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Give before you get. Side Projects as Calling Cards are not just important. They are essential.

I’m no good at selling. I don’t like it. I don’t want to persuade people to buy things they don’t need with money they don’t have. I’m OK helping people understand why ‘this’ is better than ‘that’, though. But only if I am being interesting, different, entertaining, funny,  generous and genuine (the offer must be wonderful). I can’t be arsed schmoozing with ordinary thinkers, selling ordinary things.

This brings me to something that, I realised, I’ve recommended to every single client of mine – for years. It’s ‘have a side project as a calling card’.

A digital book.

A library of essays.

A blog (that you actually bloody write!)

‘How to’ factsheets.

Etc.

Playing the numbers game, DMing strangers and treating them as prospects before anything else is boring, lazy and bad manners. We should be better far, far better than that.

Give before you get. Side Projects as Calling Cards are not just important. They are essential.

Some things resonate at any age, don’t they?

I’m lucky. I work as Marketing and Brand Director for a few companies. But luckier still, by a million miles or so, I’m a dad to 7 year old Izobel.

Increasingly, and not because Izobel is older than her years or because businesses behave like 7 year olds (although there’s truth in both), I chat about the same things with Izobel my daughter, and today’s board member. For example:

“Not being accepted because of who you actually are, is better than being accepted for pretending to be someone you actually are not.”

Izobel gets that, even though it’s hard for her. And as business leaders we know it’s true too. The brand building bit of my work covers this. Getting to the truth of who founders and leaders really are, so the business can happily be itself. Rather than the business and its people bending themselves out of shape, keeping the wrong people happy by doing things that feel unnatural to them.

Some things resonate at any age, don’t they?

When you increase your unignorability. It’s a pretty good place for you and your business to be.

A common business question is, ‘When it comes to marketing, how can you be hard to ignore?’ It’s a decent question. But because it requires imagination and time to address, there’s no urgency. It may cause a temporary puff of the cheeks but – well – it can wait. Ironically, a question addressing how to be hard to ignore, is easy to ignore.

A less common question is, ‘When it comes to marketing, are you easy to ignore?’ This is much more urgent. Because it only requires recall. It’s closer to home. It feels much more personal. Questioning how easy you are to ignore, is hard to ignore.

With most businesses and business people, the answer to, ‘When it comes to marketing, are you easy to ignore?’ – is yes. Here’s how to (start to) fix that. If you want to, of course.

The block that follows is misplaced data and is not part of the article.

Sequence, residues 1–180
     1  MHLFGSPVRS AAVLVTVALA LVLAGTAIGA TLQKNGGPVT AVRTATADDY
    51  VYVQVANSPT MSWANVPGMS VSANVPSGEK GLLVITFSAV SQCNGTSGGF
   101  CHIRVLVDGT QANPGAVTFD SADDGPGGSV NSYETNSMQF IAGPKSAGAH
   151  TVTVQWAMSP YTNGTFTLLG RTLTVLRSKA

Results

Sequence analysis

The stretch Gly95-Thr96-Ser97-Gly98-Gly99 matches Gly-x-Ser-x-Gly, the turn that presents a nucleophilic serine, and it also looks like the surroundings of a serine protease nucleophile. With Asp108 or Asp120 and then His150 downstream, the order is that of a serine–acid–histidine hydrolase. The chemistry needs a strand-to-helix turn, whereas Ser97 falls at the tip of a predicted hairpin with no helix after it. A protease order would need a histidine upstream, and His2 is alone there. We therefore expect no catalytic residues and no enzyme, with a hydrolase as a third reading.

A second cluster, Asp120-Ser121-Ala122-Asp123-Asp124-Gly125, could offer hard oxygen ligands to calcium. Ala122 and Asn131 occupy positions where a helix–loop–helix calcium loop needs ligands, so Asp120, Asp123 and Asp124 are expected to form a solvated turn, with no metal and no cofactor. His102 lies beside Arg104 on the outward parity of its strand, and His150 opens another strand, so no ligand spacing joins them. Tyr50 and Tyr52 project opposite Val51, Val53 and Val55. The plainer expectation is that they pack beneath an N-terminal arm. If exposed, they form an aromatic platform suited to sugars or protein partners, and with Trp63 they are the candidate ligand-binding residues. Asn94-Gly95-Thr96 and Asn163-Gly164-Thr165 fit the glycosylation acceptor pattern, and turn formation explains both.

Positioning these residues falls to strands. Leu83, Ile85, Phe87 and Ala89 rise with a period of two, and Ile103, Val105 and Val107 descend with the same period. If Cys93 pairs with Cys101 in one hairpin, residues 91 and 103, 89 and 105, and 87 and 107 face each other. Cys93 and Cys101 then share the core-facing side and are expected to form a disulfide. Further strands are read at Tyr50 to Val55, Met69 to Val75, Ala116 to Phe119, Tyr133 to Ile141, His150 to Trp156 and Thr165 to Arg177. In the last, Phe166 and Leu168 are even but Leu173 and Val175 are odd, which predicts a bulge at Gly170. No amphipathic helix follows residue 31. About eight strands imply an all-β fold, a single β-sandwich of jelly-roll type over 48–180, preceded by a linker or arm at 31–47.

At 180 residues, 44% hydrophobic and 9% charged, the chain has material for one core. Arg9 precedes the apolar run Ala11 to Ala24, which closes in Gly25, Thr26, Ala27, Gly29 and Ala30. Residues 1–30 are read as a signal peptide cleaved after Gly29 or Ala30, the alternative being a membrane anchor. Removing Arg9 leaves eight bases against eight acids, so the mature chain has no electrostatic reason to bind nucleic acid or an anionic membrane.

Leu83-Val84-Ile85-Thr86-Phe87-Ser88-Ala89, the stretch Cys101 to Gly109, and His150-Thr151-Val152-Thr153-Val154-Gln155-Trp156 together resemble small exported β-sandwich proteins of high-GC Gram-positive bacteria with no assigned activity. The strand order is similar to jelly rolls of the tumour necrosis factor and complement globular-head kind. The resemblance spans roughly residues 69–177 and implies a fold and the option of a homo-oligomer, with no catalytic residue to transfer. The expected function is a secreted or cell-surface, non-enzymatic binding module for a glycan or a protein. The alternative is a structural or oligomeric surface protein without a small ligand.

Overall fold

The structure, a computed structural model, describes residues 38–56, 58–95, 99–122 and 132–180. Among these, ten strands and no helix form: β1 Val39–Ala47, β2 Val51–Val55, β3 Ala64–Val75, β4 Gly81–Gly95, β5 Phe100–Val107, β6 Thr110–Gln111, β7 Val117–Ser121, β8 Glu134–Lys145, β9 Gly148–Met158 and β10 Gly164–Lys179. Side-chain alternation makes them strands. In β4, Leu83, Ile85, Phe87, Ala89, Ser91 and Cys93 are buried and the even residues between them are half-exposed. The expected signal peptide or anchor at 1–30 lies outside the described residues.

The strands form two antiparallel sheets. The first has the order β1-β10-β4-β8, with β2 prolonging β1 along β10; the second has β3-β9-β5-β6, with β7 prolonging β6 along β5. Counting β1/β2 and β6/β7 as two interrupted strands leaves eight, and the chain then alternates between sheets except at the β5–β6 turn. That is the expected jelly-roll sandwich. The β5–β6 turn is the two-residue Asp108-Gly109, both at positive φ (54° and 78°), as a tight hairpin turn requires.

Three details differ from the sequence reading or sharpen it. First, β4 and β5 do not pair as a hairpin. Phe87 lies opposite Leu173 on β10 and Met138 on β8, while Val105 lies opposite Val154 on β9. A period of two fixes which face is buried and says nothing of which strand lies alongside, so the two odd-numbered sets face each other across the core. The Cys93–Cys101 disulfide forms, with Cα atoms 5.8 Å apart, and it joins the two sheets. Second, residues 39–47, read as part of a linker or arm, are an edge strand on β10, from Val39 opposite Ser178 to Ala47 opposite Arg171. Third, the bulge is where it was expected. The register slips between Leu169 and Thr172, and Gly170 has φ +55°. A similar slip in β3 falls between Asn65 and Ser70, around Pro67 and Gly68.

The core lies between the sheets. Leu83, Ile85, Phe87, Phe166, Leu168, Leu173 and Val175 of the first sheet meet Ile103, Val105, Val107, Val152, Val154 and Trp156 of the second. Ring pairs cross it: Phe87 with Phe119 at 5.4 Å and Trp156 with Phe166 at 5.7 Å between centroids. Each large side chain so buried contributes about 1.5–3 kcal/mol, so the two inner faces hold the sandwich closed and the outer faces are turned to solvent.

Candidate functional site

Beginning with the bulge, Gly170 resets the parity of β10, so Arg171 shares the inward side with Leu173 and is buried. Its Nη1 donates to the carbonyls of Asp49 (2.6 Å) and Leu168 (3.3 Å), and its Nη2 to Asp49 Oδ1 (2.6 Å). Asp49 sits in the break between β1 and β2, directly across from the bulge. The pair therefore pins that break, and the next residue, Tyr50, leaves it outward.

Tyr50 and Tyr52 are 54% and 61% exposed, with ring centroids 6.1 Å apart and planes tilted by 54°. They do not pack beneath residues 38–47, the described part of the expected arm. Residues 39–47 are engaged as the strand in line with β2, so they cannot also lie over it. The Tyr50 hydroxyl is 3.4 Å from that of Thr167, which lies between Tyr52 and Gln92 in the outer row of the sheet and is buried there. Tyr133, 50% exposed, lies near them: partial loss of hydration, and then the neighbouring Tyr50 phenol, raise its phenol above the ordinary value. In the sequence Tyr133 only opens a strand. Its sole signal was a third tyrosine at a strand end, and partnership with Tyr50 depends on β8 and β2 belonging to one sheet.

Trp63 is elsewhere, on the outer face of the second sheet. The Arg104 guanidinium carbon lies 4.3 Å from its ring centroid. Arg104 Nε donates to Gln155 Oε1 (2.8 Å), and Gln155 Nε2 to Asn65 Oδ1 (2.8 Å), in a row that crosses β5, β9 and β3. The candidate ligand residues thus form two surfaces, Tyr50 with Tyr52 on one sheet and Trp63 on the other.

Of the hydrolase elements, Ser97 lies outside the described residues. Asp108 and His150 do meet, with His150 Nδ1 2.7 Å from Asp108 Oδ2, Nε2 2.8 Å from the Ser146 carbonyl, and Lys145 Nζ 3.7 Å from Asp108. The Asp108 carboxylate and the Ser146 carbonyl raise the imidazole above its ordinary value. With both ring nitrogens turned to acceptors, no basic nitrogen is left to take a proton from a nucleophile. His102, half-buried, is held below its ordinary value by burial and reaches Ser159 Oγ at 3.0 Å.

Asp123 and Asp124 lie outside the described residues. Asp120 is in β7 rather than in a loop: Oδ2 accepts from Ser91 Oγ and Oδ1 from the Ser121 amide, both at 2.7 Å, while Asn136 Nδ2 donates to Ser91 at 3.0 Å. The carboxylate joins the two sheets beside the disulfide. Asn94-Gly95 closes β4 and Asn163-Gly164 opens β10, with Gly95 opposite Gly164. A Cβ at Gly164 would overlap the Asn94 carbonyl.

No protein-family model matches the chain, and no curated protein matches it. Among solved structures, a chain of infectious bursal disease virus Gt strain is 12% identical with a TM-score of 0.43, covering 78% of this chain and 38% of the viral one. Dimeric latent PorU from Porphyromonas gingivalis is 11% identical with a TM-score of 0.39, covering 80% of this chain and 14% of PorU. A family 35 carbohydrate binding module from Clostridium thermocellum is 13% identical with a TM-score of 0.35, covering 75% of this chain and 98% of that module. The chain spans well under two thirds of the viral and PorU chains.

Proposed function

Get an opinion. Tell me your point of view. Tell me what you’re changing. If your business is authentic and useful, it’s built around what you think and the valuable change you want to make anyway. State this steadfastly. If you do,  you’ll be well on your way to increasing your unignorability. And even though it’s a made-up word, that’s a pretty good place for you and your business to be.

Difficult to get is not the same as valuable.

I chat about this when I help business leaders. Sat at the Board Table. As Brand and Marketing Director. (That’s what I do for a handful of clients/friends).

Trying to win an unprofitable account, just to block ‘them’ from having it. Managing reputation when those adversely affecting it have no reputable position of their own. Trying to hold on to a team member that doesn’t want to be held. All difficult. None valuable.

These things are sometimes hard to see when you’re inside. But it’s not so hard for me to see, from the outside. That difficult to get is not the same as valuable.

I’m not sure about you, but I think I have a Brain-switch. When it’s on, I’m quite clever. When it’s off, I’m not. So if you want to talk to me about something businessy and important, please check my Brain-switch is on, first.

Brain-switch on.

I talk to MD’s about Underthinking. As a Brand and Marketing Director. Brain-switch firmly on. I encourage leaders to listen to what the gut says today. Then act. Today. I think with clarity and speed when my Brain-switch is on. Eyebrows down. Concentrating. Listening. Moving businesses, big and small, forward, at pace.

Brain-switch off.

You know how you get a carrier bag and fill it with loads of other carrier bags then forget to put the carrier bag full of carrier bags in the car so you have this one carrier bag full of loads of other carrier bags in a cupboard somewhere. I do that. The other day, a friend saw it, pointed right at it, and asked me to pass him a carrier bag. Brain-switch off, I picked up my carrier bag of carrier bags and, because my friend had pointed at the blue carrier bag containing all other carrier bags, I slowly emptied out 3 dozen carrier bags and, several seconds later, surrounded by emptied-out carrier bags, I handed my (now) open-mouthed friend the blue one. He didn’t speak. But he did shake his head. Slowly.